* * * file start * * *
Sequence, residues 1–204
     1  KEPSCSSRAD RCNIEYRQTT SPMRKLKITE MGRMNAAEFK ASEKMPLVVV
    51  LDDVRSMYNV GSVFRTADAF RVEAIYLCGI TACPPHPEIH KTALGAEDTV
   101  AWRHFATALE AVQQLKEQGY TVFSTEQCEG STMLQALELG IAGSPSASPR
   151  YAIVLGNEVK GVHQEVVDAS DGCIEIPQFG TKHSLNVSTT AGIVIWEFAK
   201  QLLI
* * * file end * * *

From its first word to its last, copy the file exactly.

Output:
Sequence, residues 1–204
     1  KEPSCSSRAD RCNIEYRQTT SPMRKLKITE MGRMNAAEFK ASEKMPLVVV
    51  LDDVRSMYNV GSVFRTADAF RVEAIYLCGI TACPPHPEIH KTALGAEDTV
   101  AWRHFATALE AVQQLKEQGY TVFSTEQCEG STMLQALELG IAGSPSASPR
   151  YAIVLGNEVK GVHQEVVDAS DGCIEIPQFG TKHSLNVSTT AGIVIWEFAK
   201  QLLI